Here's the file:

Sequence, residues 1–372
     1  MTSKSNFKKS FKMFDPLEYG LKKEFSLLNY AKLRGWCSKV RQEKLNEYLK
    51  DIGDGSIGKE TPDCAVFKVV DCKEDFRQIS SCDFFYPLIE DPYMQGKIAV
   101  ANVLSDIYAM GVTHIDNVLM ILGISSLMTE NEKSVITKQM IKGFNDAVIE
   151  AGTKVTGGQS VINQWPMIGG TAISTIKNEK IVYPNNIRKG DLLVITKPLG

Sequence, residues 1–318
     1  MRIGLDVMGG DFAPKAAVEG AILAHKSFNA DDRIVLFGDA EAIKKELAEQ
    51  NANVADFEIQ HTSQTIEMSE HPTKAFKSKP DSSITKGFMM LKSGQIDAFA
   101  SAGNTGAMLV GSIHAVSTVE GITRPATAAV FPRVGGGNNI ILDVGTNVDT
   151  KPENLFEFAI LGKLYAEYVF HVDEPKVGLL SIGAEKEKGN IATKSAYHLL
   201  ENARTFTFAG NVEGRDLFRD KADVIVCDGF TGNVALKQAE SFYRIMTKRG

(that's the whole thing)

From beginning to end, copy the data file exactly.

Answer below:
Sequence, residues 1–372
     1  MTSKSNFKKS FKMFDPLEYG LKKEFSLLNY AKLRGWCSKV RQEKLNEYLK
    51  DIGDGSIGKE TPDCAVFKVV DCKEDFRQIS SCDFFYPLIE DPYMQGKIAV
   101  ANVLSDIYAM GVTHIDNVLM ILGISSLMTE NEKSVITKQM IKGFNDAVIE
   151  AGTKVTGGQS VINQWPMIGG TAISTIKNEK IVYPNNIRKG DLLVITKPLG

Sequence, residues 1–318
     1  MRIGLDVMGG DFAPKAAVEG AILAHKSFNA DDRIVLFGDA EAIKKELAEQ
    51  NANVADFEIQ HTSQTIEMSE HPTKAFKSKP DSSITKGFMM LKSGQIDAFA
   101  SAGNTGAMLV GSIHAVSTVE GITRPATAAV FPRVGGGNNI ILDVGTNVDT
   151  KPENLFEFAI LGKLYAEYVF HVDEPKVGLL SIGAEKEKGN IATKSAYHLL
   201  ENARTFTFAG NVEGRDLFRD KADVIVCDGF TGNVALKQAE SFYRIMTKRG